Growing In Love Despite Your Baggage

love despite your baggage

 

Sometimes I wonder what it would be like if I could enter into a relationship and not have to eventually open up about my abusive father and what an unstable home environment I grew up in. But it’s there, it’s part of my story, and it’s unavoidable.

If I’m being honest, that baggage has affected every relationship in some way. I wasn’t vocal about how often I was comparing my boyfriend to my father or how often I struggled to trust him because of my past and my conditioned responses to men. I think I did this because I assumed every man must be like my dad. So even if the person I was dating seemed fine on the surface, I assumed he had a breaking point when he too would start mistreating me.

My boyfriend was not an alcoholic and wasn’t verbally abusive,  but I was stuck in a pattern of comparison.

When I was frustrated with him, I would say things like “It just reminds me of my dad when you…” Or “I’m sorry, my dad used to do that, which is why I reacted like I did.”

One day, my boyfriend looked at me and said very firmly, “Morgan, I am not your dad!”

It took me by surprise.

Cognitively, I knew that. But emotionally, I realized I had been responding to him as if he was my father. Which wasn’t fair to either of us. It made him feel like he was always doing something wrong, and I was in a state of constant irritability and frustration.

We had a long talk about the situation. First, I apologized. I told him I didn’t realize how much my dad had been coming up in conversation and how much it had been hurting his feelings. But I also made sure to explain just how deep some of my wounds are. Instead of getting angry or giving him the cold shoulder, I calmly elaborated on exactly why certain things he did had been upsetting me, which helped him to see better where I was coming from.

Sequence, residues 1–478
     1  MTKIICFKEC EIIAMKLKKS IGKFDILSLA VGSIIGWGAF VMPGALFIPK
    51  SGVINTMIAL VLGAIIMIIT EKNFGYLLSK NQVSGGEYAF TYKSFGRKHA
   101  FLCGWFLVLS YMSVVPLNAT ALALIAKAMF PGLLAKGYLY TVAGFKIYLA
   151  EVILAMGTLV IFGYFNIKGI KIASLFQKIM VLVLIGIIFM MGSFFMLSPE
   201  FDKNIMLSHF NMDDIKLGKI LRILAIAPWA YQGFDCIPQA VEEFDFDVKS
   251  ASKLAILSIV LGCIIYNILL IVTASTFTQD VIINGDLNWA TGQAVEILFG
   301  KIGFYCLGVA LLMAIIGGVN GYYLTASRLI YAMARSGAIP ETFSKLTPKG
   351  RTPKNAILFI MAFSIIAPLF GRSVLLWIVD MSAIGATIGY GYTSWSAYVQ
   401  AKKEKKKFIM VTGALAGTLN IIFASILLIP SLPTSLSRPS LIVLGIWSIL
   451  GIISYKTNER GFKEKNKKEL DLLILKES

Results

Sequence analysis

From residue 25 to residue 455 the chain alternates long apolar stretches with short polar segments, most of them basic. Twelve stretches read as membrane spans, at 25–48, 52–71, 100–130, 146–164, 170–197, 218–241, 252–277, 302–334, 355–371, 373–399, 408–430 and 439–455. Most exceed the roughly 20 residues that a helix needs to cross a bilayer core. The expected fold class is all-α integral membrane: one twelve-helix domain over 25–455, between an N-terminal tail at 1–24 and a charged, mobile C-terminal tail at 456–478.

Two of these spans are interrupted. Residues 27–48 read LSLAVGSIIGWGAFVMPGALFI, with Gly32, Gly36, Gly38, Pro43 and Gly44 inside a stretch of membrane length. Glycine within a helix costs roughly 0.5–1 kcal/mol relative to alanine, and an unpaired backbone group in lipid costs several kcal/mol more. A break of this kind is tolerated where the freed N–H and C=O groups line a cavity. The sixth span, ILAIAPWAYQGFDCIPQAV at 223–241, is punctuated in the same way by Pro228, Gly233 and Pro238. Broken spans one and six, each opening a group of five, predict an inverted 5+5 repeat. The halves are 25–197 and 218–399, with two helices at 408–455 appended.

By the end of our conversation, we agreed to meet in the middle—I realized I had been comparing everything my boyfriend did to my dad, so I promised to start being more aware of how often I was bringing up my dad. I was still honest with him about what was on my mind and bothering me. I just wanted to treat my dad and my boyfriend like two completely different people. That meant no longer looking for hidden meanings and intentions in everything my boyfriend said. And my boyfriend vowed to try and be more careful with his words and more understanding in situations that he knew could be tough for me, considering my past.

Even though I didn’t end up with this boyfriend, I remember that day being one that really helped our relationship to grow and allowed me to trust him more. We both learned that we needed to voice our thoughts and opinions in healthier ways. And it reminded us that open communication at all times is always the best route.

Having baggage isn’t fun. The truth is that most of us bring some sort of baggage into our relationship. What matters is how we handle it, learn from it, and grow.

 

Morgan

Morgan is an outgoing introvert, and one of the few people content living amongst the Midwest cornfields. Born and raised in Springfield, IL, she then moved to Bloomington-Normal and received her B.A. in Publishing at Illinois State University. Sheis an avid scrapbooker, an enthusiastic coffee connoisseur, and completely obsessed with cats. Morgan is part of I Believe In Love because she is learning to love herself again and wants others to as well.
Morgan
Written By
More from Morgan

The Difference Between Being Lonely And Being Alone

I’m one of those people who, for the most part, has been...
Read More